Enhanced oversight of biometric data for justice and community safety purposes
13 July 2018
Proposals to enhance oversight of biometric data for justice and community safety purposes through:
- The establishment of a Scottish Biometrics Commissioner to provide independent oversight of the use of biometric data for justice and community safety purposes;
- The establishment of a statutory Code of Practice covering the acquisition, use, retention and disposal of biometric data for the above purposes.
Summary of policy aims and desired outcomes
'Biometric data' is a relatively broad and evolving concept. It encompasses what is often referred to as 'first-generation biometrics' such as fingerprints, DNA and custody photographs which have been commonly used in policing for many years. It also includes new and emerging technologies (or 'second-generation biometrics') such as facial recognition software, remote iris recognition and other behavioural biometrics such as voice pattern analysis.
The biometrics field is evolving rapidly and offers great potential in the identification and prevention of crime and the delivery of community safety. However, the use of biometric data and technologies raises a range of ethical and human rights considerations.
In June 2017, the then Cabinet Secretary for Justice, Michael Matheson MSP, tasked an Independent Advisory Group ( IAG), chaired by Solicitor Advocate John Scott QC, to consider the taking, use and retention of biometric data in policing. A copy of the IAG report can be viewed on the Scottish Government website at http://www.gov.scot/Resource/0053/00533063.pdf.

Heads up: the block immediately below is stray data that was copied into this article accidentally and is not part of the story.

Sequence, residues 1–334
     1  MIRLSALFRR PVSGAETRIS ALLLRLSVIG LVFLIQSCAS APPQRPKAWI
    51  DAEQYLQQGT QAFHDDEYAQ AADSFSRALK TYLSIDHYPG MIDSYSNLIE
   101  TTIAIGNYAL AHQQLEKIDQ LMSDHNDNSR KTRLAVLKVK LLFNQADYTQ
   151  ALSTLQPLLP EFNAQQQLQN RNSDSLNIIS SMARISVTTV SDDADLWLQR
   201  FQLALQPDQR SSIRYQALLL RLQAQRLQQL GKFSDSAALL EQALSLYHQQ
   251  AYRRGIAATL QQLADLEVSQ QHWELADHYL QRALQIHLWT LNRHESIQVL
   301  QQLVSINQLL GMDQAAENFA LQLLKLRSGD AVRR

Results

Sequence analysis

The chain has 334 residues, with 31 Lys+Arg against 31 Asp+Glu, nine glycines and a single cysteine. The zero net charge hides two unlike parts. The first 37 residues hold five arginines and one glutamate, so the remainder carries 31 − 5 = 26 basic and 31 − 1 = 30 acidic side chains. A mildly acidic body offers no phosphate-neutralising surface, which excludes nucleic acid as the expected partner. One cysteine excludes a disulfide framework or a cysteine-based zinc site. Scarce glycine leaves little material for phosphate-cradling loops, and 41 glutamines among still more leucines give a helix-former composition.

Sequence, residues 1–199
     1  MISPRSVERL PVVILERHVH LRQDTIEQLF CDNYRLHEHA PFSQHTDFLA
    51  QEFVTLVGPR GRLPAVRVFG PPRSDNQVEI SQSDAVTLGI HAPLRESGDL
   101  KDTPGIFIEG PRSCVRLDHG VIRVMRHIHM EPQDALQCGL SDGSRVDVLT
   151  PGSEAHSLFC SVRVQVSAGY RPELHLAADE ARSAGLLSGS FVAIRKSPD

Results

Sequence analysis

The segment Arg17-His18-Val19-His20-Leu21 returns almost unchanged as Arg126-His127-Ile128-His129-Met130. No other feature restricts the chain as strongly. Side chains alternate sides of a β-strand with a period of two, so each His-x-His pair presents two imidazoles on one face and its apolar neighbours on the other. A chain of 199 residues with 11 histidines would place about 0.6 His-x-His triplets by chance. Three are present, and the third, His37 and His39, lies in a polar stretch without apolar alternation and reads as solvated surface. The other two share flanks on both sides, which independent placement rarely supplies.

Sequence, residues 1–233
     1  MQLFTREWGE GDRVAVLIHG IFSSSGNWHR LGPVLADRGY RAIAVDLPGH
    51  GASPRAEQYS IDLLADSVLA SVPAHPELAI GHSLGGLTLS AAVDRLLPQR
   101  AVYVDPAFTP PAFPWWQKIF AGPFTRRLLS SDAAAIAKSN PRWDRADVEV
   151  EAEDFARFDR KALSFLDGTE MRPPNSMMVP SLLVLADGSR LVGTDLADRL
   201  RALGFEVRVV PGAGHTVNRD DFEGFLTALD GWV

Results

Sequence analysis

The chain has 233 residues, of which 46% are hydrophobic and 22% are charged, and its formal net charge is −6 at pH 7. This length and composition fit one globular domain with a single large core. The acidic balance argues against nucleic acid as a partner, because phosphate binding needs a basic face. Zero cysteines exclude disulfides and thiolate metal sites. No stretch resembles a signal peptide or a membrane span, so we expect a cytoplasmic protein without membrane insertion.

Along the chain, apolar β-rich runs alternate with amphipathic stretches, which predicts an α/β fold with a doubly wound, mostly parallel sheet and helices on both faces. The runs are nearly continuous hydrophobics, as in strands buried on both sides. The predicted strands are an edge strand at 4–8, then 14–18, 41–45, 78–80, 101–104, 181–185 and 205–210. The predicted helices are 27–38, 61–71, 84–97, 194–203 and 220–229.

The IAG made nine recommendations in total. Amongst those, the Group called for:
- the establishment of a Scottish Biometrics Commissioner to provide independent oversight of the use of biometric data for justice and community safety purposes in Scotland; and
- a statutory Code of Practice covering biometric data and technologies.
The Scottish Government is now consulting on proposals on both these issues and, as part of this, we are proposing that new arrangements be introduced for the acquisition and retention of biometric data from children and young people who come into contact with the police.
Directorate; Division; Team
Safer Communities Directorate
Police Powers and Workforce Unit
In light of recommendations made by the IAG, Ministers are proposing that a newly established Scottish Biometrics Commissioner will oversee an appropriately distinct and proportionate approach to the acquisition, retention, use and disposal of biometric data relating to children under the age of 18 in the criminal justice system.
The number of children entering the criminal justice system in Scotland is small and we believe there are situations in which biometric data need not be captured in relation to each of these individuals.
Specifically, the Commissioner will oversee a new statutory Code of Practice which will reflect the following: